Indeed, they were mutually devoted and loving. One of the surviving letters from George to Martha opens “My Dearest” and testifies to his “unalterable affection … which neither time or distance can change.” In anticipation of Martha’s arrival in Cambridge in 1776 to join him, George took time away from a military command to purchase tropical fruits and her favorite food — oysters. Family legend says that George carried Martha’s miniature throughout the war, keeping her image with him when she could not be present.

Much of Fraser’s story is concentrated on the volatile years of the Revolution, detailing not merely the Washingtons’ relationship but military developments. When Martha and George were separated each spring and summer during periods of military engagements, their paths diverged. George faced considerable challenges as commander-in-chief, while Martha helped run the plantation, hosted important guests, and served as head of the family.

But all of their life at Mount Vernon — and George’s very ability to leave his farm for public service — was dependent on the hundreds of slaves laboring for them. Martha showed little leniency and no willingness to free her slaves, and the few words quoted from her on this subject illuminate another side of her character. While George Washington freed his slaves, Martha retained the servants brought into their marriage and passed them on to her grandchildren. As the financial records Fraser often cites show, the couple was unwilling to give up their chattel at the expense of domestic luxuries.

The sacrifices the couple made for the public good wore thin for both, especially Martha. When George reluctantly left Mount Vernon and accepted the presidency, Martha was not particularly pleased. “Our family will be deranged, as I must soon follow him,” she wrote her nephew. She now had the care of two grandchildren, whom she brought with her to New York and later Philadelphia, once again leaving the pleasures of home. While Martha performed her role as first lady admirably, it was not an easy life. Carefully guarding her reputation and public role, in New York she did not go to public events and felt “more like a state prisoner than anything else.”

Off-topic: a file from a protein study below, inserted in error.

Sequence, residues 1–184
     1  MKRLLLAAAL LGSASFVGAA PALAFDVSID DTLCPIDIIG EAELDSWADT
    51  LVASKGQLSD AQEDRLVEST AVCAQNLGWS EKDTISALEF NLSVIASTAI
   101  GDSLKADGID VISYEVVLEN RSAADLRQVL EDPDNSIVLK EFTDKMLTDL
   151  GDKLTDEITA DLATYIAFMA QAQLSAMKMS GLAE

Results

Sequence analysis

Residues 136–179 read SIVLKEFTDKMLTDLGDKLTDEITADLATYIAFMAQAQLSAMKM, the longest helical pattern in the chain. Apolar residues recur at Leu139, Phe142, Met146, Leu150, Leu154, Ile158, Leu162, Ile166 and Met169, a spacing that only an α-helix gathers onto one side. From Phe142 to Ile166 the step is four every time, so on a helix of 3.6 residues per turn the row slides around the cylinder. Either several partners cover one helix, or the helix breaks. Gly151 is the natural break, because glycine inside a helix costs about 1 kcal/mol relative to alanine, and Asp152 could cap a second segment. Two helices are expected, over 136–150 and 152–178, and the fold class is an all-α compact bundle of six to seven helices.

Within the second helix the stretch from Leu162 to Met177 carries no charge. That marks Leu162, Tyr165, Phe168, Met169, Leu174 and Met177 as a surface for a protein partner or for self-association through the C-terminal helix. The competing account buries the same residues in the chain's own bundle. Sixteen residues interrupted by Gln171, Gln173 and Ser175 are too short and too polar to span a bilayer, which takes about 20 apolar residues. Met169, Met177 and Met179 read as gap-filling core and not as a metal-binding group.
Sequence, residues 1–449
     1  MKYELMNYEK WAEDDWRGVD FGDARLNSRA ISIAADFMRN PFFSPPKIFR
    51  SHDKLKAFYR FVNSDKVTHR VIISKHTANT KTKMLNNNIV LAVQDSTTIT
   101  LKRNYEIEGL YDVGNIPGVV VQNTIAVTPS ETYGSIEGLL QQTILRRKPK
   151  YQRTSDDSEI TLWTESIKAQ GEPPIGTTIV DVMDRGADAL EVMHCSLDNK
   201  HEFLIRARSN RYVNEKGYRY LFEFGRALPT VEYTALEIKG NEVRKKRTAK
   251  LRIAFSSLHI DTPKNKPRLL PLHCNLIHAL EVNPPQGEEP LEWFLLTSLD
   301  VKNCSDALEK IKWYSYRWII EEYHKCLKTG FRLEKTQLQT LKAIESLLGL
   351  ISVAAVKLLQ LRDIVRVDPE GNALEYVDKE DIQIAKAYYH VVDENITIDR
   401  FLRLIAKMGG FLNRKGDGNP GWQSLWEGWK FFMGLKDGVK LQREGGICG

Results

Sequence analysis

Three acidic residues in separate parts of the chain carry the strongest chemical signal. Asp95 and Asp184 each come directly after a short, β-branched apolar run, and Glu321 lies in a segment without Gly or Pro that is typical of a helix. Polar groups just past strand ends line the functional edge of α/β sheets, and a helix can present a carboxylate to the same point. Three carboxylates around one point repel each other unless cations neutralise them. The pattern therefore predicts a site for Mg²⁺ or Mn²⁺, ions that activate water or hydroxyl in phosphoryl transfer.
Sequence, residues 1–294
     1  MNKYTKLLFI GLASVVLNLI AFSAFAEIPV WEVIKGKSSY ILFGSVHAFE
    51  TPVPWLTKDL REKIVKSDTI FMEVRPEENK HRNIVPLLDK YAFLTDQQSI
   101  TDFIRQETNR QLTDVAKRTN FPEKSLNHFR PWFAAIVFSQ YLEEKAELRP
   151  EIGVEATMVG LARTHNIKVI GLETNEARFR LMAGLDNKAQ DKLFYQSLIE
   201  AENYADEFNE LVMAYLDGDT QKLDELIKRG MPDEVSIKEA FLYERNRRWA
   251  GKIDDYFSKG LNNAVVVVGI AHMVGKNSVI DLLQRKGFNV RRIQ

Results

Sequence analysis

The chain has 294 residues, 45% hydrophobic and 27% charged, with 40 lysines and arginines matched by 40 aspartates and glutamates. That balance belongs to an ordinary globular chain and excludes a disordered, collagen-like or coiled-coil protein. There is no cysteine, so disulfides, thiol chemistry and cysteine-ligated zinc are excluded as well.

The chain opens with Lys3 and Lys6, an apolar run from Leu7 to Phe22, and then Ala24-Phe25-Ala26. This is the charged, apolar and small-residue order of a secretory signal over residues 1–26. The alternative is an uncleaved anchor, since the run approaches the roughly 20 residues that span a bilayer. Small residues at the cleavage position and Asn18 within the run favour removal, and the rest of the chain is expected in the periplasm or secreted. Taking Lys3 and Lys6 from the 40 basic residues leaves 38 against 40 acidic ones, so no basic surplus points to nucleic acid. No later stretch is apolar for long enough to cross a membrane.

Martha’s final sacrifice was perhaps the most magnanimous, although it never came to fruition. After George’s death in 1799, which left her bereft but stoic, Congress requested that George’s tomb be moved eventually to the new Capitol building. For all the times she had been separated from her husband in life, she now faced an eternal separation. She agreed to the plan, she wrote, with a great “sacrifice of individual feeling” in order to serve the “public duty.” Ultimately, George and Martha were buried together at Mount Vernon and their tombs remain there. Each had repeatedly shown the willingness to give up personal happiness and comfort for the good of their country — and for one another.


CassandraGoodDr. Cassandra A. Good serves as the associate editor of The Papers of James Monroe at the University of Mary Washington. She received her PhD in history from the University of Pennsylvania and her bachelor’s and master’s degrees in American Studies from George Washington University. Her area of expertise is late 18th through 19th century America with particular focus on politics, gender, and cultural history. She also has experience in museums, new media, and public history through her work at the Smithsonian Institution. Her first book, “Founding Friendships”,  is available from Oxford University Press.